This was a question posed to me by a client recently. I was taken aback by the question as most clients (rightly or wrongly) tend to have fixed expectations about what a ‘good’ and ‘bad’ return is. It was an excellent question and I answered by saying that ‘good’ isn’t absolute; it is relative to the economic and financial environment in which we live.
For example, I remember walking into Cheltenham & Gloucester, Manchester in 1997 and opening a savings account and earning 7.5% per annum! Back then, the Bank of England base rate was 7.25%. If at the same time you were achieving a 7.5% pa return by investing in say, shares or gold, this would not be a ‘good’ rate of return because you would be taking much more risk to achieve the same return as that offered by the bank and only a few basis points above the base rate.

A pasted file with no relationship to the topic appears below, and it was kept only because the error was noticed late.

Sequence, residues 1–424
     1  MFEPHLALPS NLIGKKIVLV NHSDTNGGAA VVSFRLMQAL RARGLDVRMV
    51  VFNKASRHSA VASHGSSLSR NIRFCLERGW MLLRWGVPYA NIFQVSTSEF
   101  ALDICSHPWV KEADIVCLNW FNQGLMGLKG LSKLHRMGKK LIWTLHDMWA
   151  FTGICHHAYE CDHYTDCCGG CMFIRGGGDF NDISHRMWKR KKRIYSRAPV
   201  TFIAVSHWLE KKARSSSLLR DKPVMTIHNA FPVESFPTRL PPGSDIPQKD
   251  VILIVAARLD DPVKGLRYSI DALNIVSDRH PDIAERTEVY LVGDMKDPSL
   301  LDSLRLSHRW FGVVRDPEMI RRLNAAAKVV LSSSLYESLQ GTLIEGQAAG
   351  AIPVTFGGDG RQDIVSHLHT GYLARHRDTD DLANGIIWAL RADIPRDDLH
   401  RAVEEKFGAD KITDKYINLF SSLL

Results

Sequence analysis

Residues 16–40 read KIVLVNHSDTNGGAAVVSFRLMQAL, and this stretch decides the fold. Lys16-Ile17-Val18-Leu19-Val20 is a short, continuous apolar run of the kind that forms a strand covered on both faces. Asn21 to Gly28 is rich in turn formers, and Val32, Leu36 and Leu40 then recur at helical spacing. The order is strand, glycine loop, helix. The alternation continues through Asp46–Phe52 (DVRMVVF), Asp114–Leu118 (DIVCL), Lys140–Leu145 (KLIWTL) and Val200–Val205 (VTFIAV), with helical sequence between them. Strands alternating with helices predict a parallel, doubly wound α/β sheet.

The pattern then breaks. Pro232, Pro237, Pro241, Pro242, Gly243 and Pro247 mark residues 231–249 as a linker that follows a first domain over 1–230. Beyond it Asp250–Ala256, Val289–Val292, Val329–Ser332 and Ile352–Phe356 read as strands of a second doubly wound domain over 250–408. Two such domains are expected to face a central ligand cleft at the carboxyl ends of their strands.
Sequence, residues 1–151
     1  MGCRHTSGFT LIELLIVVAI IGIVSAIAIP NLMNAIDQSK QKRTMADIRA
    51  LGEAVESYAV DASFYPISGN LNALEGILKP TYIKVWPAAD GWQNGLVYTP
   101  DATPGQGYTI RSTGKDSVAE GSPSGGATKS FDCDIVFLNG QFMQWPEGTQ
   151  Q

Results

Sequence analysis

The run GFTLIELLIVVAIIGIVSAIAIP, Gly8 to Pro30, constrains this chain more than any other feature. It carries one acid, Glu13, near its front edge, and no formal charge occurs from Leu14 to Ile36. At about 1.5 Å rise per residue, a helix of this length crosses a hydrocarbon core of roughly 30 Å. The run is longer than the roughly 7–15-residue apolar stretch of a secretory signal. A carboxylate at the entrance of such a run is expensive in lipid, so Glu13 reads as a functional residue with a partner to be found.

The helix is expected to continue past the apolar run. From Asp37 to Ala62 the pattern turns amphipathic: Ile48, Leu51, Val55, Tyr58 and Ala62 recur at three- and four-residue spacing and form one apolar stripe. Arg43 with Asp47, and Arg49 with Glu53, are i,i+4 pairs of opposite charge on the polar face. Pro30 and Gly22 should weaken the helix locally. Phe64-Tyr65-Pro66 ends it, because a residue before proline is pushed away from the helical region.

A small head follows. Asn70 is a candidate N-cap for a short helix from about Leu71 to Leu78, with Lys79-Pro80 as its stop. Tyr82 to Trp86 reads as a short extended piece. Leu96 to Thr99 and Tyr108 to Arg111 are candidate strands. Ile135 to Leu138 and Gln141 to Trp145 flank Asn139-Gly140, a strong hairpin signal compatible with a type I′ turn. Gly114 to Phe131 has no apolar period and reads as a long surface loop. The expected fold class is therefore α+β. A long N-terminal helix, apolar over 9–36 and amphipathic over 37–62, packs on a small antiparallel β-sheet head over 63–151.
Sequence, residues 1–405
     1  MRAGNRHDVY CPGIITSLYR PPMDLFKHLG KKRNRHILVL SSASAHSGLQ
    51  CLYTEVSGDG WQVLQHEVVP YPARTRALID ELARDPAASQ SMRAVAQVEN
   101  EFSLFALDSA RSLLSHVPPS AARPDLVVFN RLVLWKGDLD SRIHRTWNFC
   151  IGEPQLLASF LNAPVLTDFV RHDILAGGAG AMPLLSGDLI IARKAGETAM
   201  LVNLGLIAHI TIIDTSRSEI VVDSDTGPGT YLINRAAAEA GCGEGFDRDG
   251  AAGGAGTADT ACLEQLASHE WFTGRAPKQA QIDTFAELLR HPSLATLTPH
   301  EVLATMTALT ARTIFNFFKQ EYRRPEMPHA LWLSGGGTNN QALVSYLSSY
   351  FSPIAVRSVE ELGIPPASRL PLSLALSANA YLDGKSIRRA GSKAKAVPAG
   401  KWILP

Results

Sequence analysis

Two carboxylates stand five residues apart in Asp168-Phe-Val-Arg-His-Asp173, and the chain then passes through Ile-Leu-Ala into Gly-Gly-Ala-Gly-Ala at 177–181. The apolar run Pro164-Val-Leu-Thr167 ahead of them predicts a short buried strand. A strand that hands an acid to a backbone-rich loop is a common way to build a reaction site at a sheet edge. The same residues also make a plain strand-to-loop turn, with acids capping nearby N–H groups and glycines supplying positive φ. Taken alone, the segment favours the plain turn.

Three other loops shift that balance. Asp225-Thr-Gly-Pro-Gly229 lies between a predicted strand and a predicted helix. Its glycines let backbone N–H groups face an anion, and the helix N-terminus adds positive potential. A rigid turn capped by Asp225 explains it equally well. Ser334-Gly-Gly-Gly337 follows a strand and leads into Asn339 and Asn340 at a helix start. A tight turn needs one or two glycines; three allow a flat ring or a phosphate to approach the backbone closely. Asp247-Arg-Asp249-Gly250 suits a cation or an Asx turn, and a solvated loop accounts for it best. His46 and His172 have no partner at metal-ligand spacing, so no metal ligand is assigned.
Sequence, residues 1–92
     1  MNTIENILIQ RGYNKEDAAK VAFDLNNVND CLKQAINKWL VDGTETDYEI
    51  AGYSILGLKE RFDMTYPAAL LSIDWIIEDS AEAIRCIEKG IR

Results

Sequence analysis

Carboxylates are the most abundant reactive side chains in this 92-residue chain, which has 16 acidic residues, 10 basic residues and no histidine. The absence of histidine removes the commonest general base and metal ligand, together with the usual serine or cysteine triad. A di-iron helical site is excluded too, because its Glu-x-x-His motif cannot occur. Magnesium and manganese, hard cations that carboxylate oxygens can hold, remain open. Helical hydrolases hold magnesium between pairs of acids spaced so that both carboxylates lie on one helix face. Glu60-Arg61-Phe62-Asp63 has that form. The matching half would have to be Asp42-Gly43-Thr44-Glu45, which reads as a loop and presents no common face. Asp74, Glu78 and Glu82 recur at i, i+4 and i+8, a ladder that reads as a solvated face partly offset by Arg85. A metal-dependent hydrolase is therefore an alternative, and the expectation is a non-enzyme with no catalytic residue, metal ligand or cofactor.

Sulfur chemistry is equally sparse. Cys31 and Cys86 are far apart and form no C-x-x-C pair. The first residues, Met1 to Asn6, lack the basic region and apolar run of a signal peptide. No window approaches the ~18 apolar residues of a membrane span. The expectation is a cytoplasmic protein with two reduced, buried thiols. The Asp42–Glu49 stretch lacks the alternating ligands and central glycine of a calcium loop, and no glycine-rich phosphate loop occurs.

So, with the Bank of England interest rate currently sitting at 0.50% and the ECB base rate at a negative figure of -0.50%, a 4% or 5% pa return looks very attractive today, even though it would not have done in 1997.
Another factor we need to consider when assessing what a ‘good’ return means is the level of risk we take to achieve the return.
In constructing our portfolios at Spectrum, we always consider performance in the context of risk taken to achieve that return. For example, two funds can both achieve a 5% pa return but one fund may have fallen in value by 20% whereas another fund may be down just 5%. Clearly, the latter is a better fund.
We can analyse this in more detail by considering “scatter diagrams” which is an interesting way of looking beyond headline performance figures.